not exist. Scrupulosity, which often in-
clines the penitent to refuse submission
to the judgement of his (or her) con-
fessor, may lead to sins of obstinacy
and despair, or, conversely, to self-
indulgence. The scrupulous, who are
discouraged from making minute
confessions, are usually counselled to
disregard their scruples and to act
in obedience to the advice of a
prudent spiritual director."
The Oxford Dictionary of the Christian
Church. Edited by Lady Margaret Profesor
of Divinity F. L. Cross. 1958. pp. 1234.
(Periodically, I shall post here
other religious
definitions that take my fancy and to which
I shall "scrupulously" share with you all ...)
In French: "Scrupuleux."
In German: "Gewissenshaft."
Truly, Monty. +12th Day of Lent, 2oo8.


It's Profits From The Poverty of Others, My Dear John Bird.

This is the first image I took of John Bird in 2oo5
The UK Big Issue's London HQ at Vauxhall
Bunch of Eastern European "Homeless" or
"Dehomed Foreigners" outside the kitchen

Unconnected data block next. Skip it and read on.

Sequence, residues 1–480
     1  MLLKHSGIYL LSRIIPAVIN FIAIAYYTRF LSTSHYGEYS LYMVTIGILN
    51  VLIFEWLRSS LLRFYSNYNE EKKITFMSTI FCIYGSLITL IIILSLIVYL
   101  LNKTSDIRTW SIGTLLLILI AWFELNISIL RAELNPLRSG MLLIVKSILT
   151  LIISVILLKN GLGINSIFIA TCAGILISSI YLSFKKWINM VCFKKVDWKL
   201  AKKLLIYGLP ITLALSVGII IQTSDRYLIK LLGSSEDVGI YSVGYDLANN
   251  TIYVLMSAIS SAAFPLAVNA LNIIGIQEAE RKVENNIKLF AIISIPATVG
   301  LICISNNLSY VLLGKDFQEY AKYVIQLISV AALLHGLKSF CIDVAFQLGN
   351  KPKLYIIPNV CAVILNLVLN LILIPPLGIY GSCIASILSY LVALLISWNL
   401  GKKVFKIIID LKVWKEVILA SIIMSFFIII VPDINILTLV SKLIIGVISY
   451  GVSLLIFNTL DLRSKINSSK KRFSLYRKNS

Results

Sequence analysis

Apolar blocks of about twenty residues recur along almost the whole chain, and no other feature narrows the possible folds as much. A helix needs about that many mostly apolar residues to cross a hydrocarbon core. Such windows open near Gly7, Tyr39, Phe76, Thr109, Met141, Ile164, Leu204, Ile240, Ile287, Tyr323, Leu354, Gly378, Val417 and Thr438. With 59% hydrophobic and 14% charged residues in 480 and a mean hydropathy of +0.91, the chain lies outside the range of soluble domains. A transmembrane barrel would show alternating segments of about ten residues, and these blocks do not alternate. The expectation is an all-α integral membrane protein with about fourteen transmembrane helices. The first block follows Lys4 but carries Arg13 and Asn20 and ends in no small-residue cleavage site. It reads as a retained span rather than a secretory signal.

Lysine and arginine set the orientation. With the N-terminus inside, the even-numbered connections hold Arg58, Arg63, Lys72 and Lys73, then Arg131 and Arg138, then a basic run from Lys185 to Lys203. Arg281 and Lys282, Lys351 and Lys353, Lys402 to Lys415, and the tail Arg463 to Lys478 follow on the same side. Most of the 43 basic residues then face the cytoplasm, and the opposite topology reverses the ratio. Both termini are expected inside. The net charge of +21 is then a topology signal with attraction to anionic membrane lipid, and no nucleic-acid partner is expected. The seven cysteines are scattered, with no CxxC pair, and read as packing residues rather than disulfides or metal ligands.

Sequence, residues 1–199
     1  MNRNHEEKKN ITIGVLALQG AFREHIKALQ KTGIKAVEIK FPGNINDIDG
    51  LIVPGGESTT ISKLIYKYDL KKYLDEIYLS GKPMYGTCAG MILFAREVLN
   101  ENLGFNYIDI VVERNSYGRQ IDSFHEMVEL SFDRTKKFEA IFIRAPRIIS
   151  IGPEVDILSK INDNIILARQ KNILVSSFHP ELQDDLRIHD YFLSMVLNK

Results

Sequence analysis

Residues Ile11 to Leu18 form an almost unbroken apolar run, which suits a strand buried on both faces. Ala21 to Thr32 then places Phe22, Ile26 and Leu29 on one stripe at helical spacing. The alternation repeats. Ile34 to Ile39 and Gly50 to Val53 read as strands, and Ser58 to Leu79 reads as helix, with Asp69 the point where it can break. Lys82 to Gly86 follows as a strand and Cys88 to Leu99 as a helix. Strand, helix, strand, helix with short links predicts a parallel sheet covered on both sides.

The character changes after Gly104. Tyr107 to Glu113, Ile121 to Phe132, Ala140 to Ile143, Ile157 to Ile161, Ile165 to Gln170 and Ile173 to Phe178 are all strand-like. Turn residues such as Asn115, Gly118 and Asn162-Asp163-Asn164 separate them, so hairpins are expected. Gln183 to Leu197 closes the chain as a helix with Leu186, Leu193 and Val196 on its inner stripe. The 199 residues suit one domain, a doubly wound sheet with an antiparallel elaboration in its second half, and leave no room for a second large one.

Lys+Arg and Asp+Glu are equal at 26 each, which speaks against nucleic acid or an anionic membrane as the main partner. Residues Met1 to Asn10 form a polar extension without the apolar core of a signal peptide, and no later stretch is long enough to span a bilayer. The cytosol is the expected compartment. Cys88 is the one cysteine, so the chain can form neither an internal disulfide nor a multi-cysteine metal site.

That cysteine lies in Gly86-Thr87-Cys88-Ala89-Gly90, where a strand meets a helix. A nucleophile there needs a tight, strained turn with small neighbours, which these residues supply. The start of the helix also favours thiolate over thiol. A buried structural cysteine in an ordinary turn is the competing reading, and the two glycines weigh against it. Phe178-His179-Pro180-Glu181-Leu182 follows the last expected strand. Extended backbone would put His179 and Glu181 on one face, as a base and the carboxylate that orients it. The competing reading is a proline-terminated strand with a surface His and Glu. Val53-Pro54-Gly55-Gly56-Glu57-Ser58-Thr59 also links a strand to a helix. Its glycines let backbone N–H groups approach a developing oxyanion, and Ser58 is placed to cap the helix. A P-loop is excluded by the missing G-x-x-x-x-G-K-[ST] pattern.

at London's Mother Theresa Mens Hostel.
In his two-page spread in his own magazine,
The Big Issue's editor John Bird presented his
own semantic 1,700-word opinion on the burning
issue of the continuing influx of foreigners, most
notably those coming from Eastern Europe, to Eng-
land and who then, in so many cases, soon land up
here as so-called "homeless." What he had to say
was headed by his dizzy 12-word caption: "WE
in the colourful Janet Jackson edition, No. 782.
How the Poles, Romanians, Bulgarians,
Estonians and Latvians, who have been flocking
to and flooding England, can suddenly be called
"homeless" is beyond me. Especially, since they
are primarily economic migrants first and foremost
and who oftentimes arrive deliberately with insuffi-
cient funds and skills to contribute to their own
welfare upon arriving at poruous border Britain. I
call them "dehomed foreigners" -- meaning they
freely gave up their home and/or left their country
voluntarily from whence they came -- and are thus
not homeless in the vanacular or sense to which
John Bird peppers his bloated opinion on those who
are "suffering" from poverty of their own making in
all too many instances ...
With so many jobless and unskilled Eastern Europeans
now embedded in England, such has provided a new